In certain other cases, however, grammatical agreement can take precedence over notional agreement in determining the number to be taken by the verb. Consider these sentences: “Everybody has taken lunch.” “Everyone has finished dinner.” Although the subjects “everybody” and “everyone” are both grammatically singular in form, they are actually plural in meaning, being both notionally similar to the plural “all.” Thus, a strong argument can be made that the nouns “everybody” and “everyone” should use a plural verb. What has evolved as the standard usage in English, however, is that verbs in such cases should agree in number with the singular form of “everybody” or “everyone” and not with its plural meaning. This is why “everybody” and “everyone,” despite their being notionally plural, consistently use the singular “has” instead of the plural “have” in such present-tense constructions.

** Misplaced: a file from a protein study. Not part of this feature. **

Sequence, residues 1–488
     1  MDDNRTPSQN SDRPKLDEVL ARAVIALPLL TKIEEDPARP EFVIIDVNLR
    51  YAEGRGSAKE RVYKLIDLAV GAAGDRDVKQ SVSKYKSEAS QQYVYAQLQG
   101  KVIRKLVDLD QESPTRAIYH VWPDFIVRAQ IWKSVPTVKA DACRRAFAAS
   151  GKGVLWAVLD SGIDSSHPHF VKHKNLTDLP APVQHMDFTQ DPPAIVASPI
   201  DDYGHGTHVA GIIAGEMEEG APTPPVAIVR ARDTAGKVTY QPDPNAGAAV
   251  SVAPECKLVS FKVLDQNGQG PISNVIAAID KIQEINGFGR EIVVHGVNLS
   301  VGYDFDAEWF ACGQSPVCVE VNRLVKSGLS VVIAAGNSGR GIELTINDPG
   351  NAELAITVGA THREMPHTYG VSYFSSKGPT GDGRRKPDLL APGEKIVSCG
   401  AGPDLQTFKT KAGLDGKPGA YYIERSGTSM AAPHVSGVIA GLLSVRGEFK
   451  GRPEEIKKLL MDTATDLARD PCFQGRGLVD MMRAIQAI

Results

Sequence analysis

The subject-verb agreement rule becomes even tougher to apply in constructions where there is strong ambiguity in the choice of the number to be taken by the verb. Take this sentence, for instance: “A wide assortment of dishes has been/have been ordered for the party.” The traditional approach is, of course, to make the verb agree with the grammatical subject of the sentence, which in this case is the singular noun “assortment,” so the singular verb “has been” becomes the logical choice. However, it can also be convincingly argued that the noun phrase “a wide assortment of dishes,” which is plural in sense, is the proper subject, so the plural “have been” can also be a logical choice. Using the plural verb for such constructions is actually gaining wider acceptance, but the singular verb remains the favored usage. What this means is that we can have it either way without messing up our grammar.